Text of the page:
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sean tucker
04-11-2008, 09:37 AM
Hi everyone.

I had a question about CF and interval training. I want to preface it by saying that I have been doing CF for about a year, and I really enjoy it. I have also seen a significant improvement in my general fitness.

From a cardiovascular standpoint though...does CF really do interval training? I thought that interval training requires a certain period of rest following a high intensity effort (and usually a certain work/rest ratio). Usually in CF metcon we switch exercise but we are not necessarily resting. I ask because I read about the long term health benefits of high intensity interval training.

CF cites the fact that they use intervals, like the tabata, when they argue that for the benefits of certain aspects of their approach. However, the Tabata article had "subjects" do HIIT multiple times a week. Is it fair to claim that one would get the same benefits when one only does tabata, or fight gone bad, once a month?

Again, CF is wonderful, but does it really do interval training like they say.

I would love to hear people's thoughts.

thanks

Gant Grimes
04-11-2008, 09:51 AM
I have been doing CF for about a year, and I really enjoy it. I have also seen a significant improvement in my general fitness.

I ask because I read about the long term health benefits of high intensity interval training.

http://www.wtamu.edu/~crobinson/Greener/Cattle1.jpg

Garrett Smith
04-11-2008, 10:01 AM
Some CF metcon workouts might be specified as interval training based on the definitions here (http://www.google.com/search?hl=en&suggon=0&client=safari&rls=en&pwst=1&defl=en&q=define:INTERVAL+TRAINING&sa=X&oi=glossary_definition&ct=title), most would not as they typically don't require nor have specified rest periods.

Obviously, as you mentioned, Tabata intervals and FGB are CF workouts that use intervals. So is "Barbara":
Five rounds, each for time of:
20 Pull-ups
30 Push-ups
40 Sit-ups
50 Squats

Rest precisely three minutes between each round.

CF does utilize interval training as one of the many exercise modalities employed in the WOD.

Corey Duvall
04-11-2008, 11:51 AM
I literally laughed out loud when I saw that picture, Gant

Steven Low
04-11-2008, 12:50 PM
Like Garrett said you have to look closer. Some workouts will be based on tabata (or modified tabata), some on intervals, some on time, strength, endurance, etc. There's tons of different stuff that work which is why CF applies many different methods to elicit fitness.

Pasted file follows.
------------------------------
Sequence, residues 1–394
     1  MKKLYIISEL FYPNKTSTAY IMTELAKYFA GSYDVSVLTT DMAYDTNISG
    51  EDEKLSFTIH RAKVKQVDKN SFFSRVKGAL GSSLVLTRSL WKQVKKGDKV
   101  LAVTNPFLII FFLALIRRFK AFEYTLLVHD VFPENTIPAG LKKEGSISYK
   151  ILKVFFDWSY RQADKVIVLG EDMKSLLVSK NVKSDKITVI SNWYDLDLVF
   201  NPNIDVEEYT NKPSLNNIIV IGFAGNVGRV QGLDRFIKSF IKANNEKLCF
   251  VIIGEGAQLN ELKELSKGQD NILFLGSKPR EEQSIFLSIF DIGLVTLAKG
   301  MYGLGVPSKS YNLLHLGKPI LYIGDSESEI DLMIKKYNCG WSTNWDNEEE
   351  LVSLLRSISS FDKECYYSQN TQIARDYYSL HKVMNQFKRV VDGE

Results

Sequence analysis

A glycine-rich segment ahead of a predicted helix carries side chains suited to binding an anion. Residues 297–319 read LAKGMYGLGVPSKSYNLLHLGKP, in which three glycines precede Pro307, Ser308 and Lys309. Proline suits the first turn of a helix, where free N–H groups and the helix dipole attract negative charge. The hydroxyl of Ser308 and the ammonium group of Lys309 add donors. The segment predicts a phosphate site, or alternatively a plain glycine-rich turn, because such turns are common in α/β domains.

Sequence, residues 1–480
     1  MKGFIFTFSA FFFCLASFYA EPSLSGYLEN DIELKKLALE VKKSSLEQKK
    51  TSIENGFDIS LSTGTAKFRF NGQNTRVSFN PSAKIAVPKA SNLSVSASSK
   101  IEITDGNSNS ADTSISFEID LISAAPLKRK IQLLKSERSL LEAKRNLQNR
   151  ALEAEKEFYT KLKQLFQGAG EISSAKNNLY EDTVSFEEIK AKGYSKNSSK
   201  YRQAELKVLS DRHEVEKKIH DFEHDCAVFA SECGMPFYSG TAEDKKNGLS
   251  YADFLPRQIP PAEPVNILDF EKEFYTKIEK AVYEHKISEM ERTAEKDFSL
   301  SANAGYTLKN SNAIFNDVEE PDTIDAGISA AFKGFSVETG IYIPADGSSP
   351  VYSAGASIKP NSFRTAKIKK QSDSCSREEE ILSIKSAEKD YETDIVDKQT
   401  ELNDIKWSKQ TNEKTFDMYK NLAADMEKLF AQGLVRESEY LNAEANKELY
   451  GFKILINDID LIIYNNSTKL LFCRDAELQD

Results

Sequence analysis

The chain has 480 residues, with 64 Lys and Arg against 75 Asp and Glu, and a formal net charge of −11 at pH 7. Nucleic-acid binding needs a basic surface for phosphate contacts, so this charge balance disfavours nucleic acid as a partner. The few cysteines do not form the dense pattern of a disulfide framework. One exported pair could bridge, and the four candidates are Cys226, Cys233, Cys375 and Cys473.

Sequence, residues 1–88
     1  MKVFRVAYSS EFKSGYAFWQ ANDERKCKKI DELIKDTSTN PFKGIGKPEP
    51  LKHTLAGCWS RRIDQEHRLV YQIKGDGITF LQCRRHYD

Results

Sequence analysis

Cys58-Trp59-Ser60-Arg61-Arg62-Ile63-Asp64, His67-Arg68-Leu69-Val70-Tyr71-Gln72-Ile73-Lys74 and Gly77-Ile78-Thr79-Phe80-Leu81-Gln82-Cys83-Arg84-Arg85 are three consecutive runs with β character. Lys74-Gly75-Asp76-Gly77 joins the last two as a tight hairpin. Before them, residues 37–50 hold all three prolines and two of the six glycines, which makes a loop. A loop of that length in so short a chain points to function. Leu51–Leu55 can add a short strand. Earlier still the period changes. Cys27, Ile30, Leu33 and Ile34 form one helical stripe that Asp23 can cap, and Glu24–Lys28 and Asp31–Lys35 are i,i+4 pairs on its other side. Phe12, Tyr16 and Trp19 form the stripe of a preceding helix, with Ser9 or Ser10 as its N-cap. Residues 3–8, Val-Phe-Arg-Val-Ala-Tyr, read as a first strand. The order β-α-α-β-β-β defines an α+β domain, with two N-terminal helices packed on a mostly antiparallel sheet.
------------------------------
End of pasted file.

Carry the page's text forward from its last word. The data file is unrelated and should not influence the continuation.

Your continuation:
sean tucker
04-11-2008, 02:44 PM
thanks for the posts.

However, the point was whether CF can claim to have the same benefits of interval training as cited in the scientific literature. CF prides itself on empiricism and uses much of the scientific literature appropriately (but do they do so in regard to interval work)

Also I am in know way claiming that CF use NO intervals, or that it is not an excellent program for fitness. It was simply a question...not a criticism.

Mike ODonnell
04-11-2008, 03:11 PM
Everyone will claim their program is best....just how business works...tomato...tamato....still tastes like ketchup when you eat it......it all works....intervals is a broad catagory anyways as you can have 100 different work/rest ratios which will also change the % of max weight done per exercise...I bet you take one person....clone him 100x....make his clone army eat right...and give them 100 different interval programs (assuming they all are hard on some level)....the difference in output performance will be not worth fighting over.

Garrett Smith
04-11-2008, 03:21 PM
Sean,
People doing CF get stronger and do ME work, therefore they claim the benefits of strength training.

People doing CF gain increased endurance and do LSD work and some hellishly long metcons, therefore they claim the benefits of endurance training.

People doing CF do intervals...get the picture? I'd say the only way it would be hard for CF to not claim the benefits of a particular method of training would be if it was *never* in the program.

JW Luckett
04-12-2008, 07:14 AM
I don't think random interval work is going to do you much good. I don't think random strength work will work for very long. Without consistency and progressive loading I think you will just be spinning your wheels. That was my experience of 2 plus years of crossfit. It is a nice little collection of some very good workouts, but their claims of stallar strength gains (500-700lb deadlift), better body compostion than bodybuilders, ad nauseam, are preposterous.

Does crossfit do interval training? Sometimes. Just like everything else.

Steven Low
04-12-2008, 09:28 AM
I don't think random interval work is going to do you much good. I don't think random strength work will work for very long. Without consistency and progressive loading I think you will just be spinning your wheels. That was my experience of 2 plus years of crossfit. It is a nice little collection of some very good workouts, but their claims of stallar strength gains (500-700lb deadlift), better body compostion than bodybuilders, ad nauseam, are preposterous.

Does crossfit do interval training? Sometimes. Just like everything else.

I wouldn't be so sure about that considering body composition is mostly diet. Lean mass gains with the same diets? Possibly.. depends what kind of training. Better health (well, body composition in terms of triglyceride levels and such) with something like Paleo/Zone? Definitely.

But yeah, that's just nitpicking. :)